Watching a sunbird in action elicits a dazzling kind of joy. These tiny, jewel-toned birds are members of the Nectariniidae family and are often spotted with their slender, curved beaks deep inside the base of flowers. Some species hover above blooms while they drink nectar, others perch on a convenient branch as they forage, while some cheeky birds will puncture the base of the flower to gain access to the sugars, especially if they are imbedded deep within. Observing them is an uplifting experience that drives home just how beautiful nature can be.
There are over 150 species of sunbirds in the world, “found in multiple habitats from evergreen and scrub forest to coastal mangroves, Himalayas, and areas of human habitation,” says Shashank Dalvi, a scientist and conservationist currently working in the Nicobar Islands. “In India, sunbirds are found in all habitats, except high-elevation desert areas.”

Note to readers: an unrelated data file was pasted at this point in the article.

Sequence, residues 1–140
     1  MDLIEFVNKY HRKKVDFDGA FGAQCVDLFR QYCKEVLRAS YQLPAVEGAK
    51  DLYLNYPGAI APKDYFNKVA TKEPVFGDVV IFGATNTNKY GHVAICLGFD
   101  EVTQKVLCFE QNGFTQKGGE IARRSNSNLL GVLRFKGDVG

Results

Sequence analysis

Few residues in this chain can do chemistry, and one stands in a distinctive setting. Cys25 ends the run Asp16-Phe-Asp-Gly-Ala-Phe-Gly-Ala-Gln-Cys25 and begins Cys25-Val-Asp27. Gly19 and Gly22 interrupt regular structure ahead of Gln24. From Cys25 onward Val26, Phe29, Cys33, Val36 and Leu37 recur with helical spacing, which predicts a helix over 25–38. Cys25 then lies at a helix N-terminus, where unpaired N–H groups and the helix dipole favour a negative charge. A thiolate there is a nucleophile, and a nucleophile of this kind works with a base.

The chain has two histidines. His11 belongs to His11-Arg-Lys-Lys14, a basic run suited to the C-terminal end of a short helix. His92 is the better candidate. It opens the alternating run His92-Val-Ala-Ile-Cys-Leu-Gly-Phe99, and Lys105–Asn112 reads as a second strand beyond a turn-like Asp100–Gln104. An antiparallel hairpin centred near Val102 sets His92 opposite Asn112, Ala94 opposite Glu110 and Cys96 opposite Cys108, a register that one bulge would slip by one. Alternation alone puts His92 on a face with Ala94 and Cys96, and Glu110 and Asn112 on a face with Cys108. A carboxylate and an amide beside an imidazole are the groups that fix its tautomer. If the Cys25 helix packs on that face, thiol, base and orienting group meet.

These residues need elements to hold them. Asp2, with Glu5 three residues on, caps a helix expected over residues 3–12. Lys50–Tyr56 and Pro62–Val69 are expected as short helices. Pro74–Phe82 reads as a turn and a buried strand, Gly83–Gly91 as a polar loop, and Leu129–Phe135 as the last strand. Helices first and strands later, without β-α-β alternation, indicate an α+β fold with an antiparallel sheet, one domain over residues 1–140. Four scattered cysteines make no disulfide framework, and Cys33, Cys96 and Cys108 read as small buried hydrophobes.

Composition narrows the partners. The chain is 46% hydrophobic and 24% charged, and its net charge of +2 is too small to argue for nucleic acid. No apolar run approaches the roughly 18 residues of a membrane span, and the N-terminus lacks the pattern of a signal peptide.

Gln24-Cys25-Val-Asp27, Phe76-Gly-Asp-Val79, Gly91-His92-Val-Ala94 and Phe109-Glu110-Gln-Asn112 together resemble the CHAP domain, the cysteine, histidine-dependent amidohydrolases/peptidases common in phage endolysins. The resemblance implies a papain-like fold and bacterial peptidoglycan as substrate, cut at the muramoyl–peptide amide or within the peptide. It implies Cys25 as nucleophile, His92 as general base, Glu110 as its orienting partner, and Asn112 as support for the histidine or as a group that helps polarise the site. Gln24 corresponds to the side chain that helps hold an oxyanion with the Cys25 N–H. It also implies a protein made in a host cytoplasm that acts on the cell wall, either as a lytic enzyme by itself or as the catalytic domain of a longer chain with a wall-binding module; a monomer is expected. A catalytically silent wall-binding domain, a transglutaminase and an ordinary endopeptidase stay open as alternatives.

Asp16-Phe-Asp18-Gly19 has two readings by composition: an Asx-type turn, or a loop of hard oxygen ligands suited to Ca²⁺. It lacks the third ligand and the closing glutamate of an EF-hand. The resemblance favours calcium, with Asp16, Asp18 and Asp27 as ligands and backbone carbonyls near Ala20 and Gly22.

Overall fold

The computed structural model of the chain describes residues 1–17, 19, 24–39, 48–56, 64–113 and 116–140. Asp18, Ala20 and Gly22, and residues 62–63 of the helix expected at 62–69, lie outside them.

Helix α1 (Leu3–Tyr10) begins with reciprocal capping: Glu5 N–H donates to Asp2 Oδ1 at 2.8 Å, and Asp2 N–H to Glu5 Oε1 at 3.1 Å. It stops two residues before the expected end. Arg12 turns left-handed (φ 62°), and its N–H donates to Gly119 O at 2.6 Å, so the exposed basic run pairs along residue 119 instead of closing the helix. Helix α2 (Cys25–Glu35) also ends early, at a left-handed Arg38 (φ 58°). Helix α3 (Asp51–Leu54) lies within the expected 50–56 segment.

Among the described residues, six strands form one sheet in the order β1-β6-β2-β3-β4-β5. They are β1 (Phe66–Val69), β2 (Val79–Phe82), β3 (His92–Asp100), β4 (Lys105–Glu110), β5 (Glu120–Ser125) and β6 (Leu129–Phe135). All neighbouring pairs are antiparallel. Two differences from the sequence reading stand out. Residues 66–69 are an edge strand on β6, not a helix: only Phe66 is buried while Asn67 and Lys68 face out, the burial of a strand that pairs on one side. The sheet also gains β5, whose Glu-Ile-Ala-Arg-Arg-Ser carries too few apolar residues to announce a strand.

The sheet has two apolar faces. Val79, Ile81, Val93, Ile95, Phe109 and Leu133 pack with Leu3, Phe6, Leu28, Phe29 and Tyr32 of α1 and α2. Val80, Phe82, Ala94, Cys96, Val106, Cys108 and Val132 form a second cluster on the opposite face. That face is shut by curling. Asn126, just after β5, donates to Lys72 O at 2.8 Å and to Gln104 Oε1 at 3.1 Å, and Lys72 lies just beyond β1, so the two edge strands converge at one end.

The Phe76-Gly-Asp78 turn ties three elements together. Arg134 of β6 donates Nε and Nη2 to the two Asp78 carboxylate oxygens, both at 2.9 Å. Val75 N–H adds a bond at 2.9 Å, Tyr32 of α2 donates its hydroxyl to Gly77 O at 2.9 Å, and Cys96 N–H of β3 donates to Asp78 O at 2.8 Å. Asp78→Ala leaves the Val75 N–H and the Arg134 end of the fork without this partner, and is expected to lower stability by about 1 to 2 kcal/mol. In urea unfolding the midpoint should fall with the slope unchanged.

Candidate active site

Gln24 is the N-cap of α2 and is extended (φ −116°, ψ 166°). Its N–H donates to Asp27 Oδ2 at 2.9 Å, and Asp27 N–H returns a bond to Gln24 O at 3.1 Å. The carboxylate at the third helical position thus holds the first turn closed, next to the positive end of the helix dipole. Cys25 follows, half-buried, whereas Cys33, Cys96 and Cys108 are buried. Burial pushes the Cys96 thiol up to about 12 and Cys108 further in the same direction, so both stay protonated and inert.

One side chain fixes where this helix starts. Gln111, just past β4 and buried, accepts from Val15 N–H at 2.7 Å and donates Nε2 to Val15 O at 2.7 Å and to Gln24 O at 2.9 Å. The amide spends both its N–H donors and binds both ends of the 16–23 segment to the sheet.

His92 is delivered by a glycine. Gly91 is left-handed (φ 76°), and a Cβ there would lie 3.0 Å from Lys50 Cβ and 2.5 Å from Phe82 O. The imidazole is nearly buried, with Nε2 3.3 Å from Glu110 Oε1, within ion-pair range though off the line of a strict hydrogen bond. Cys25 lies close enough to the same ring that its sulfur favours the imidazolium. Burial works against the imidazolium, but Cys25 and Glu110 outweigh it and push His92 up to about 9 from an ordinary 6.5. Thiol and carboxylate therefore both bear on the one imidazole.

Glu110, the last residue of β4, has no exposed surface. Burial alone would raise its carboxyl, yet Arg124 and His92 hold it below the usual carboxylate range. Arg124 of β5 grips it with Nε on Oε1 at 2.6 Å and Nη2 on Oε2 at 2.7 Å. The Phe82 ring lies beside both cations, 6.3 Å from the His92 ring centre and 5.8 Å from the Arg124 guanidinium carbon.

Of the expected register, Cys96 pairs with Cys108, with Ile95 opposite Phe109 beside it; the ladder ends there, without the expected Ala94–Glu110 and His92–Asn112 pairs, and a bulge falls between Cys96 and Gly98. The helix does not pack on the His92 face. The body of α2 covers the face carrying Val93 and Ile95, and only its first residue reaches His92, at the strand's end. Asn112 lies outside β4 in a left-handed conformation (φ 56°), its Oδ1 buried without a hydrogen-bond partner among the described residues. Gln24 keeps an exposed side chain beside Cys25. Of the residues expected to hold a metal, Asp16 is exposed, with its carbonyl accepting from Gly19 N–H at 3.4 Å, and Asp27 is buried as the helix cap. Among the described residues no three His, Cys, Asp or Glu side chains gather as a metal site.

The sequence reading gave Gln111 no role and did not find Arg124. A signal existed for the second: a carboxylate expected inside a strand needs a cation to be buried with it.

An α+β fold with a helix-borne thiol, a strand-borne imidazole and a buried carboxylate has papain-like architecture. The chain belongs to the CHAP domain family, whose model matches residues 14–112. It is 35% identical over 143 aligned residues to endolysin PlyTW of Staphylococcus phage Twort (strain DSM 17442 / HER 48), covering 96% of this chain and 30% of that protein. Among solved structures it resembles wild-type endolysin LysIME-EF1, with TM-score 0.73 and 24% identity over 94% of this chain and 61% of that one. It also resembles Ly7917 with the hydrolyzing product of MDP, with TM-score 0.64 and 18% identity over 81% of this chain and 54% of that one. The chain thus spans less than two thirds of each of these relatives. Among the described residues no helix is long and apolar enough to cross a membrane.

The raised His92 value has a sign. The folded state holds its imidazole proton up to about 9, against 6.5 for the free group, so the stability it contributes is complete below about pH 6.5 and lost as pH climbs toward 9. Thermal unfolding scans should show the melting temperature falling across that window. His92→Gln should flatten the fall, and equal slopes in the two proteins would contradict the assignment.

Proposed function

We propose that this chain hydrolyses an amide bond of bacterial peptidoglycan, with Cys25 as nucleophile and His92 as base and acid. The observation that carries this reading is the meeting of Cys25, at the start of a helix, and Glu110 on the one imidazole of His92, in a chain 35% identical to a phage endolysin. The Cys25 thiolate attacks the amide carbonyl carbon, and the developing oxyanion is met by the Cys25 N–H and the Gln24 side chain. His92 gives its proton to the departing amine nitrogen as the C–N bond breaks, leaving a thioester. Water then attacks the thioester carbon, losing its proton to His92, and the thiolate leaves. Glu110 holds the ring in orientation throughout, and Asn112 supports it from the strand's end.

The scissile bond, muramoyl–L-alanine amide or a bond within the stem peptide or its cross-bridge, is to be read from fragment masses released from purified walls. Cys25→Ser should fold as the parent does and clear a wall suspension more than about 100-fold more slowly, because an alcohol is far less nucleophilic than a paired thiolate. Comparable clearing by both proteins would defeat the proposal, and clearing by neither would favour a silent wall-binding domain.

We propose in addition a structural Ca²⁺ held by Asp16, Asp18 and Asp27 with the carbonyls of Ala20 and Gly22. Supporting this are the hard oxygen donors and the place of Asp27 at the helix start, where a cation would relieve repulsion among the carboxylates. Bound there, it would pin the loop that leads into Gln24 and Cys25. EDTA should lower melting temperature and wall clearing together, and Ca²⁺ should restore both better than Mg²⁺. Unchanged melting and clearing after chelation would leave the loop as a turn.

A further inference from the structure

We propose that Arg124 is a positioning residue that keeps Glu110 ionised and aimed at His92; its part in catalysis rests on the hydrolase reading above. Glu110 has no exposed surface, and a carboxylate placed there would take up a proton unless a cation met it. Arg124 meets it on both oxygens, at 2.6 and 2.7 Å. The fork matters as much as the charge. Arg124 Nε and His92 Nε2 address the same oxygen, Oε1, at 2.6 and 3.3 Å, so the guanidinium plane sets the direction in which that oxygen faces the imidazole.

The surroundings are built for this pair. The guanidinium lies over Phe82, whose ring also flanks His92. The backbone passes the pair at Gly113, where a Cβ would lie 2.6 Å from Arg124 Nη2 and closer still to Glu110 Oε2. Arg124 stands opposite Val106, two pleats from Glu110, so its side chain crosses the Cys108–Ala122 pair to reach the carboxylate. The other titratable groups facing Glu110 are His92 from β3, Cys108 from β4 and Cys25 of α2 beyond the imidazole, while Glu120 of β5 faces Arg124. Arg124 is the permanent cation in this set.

India has 15 members of the Nectariniidae family, including 13 species of sunbirds and two species of spiderhunters. As the family name suggests, these birds survive largely on floral nectar and are crucial pollinators in the ecosystems they inhabit. In addition to nectar, sunbirds also eat insects such as ants, caterpillars, spiders, and small grasshoppers.
Indian sunbirds exist in a variety of habitats, from dense forests to urban parks in concrete jungles. “It doesn’t matter where you are — a crowded city, a small nature park, a huge wildlife sanctuary — some sunbird is always around; all you have to do is pay attention,” says Dalvi.
If you take a mindful walk through a park in Mumbai or Bangalore, you might catch sight of a purple sunbird or a purple-rumped sunbird flittering about a copper pod tree. Both are widely distributed. Other species, such as Vigors’s sunbird and crimson-backed sunbirds, are found exclusively in the Western Ghats.
Each species has distinct behaviour, breeding pattern, and preferred diet — much of which is still being researched. Here’s what we do know about these feisty little birds.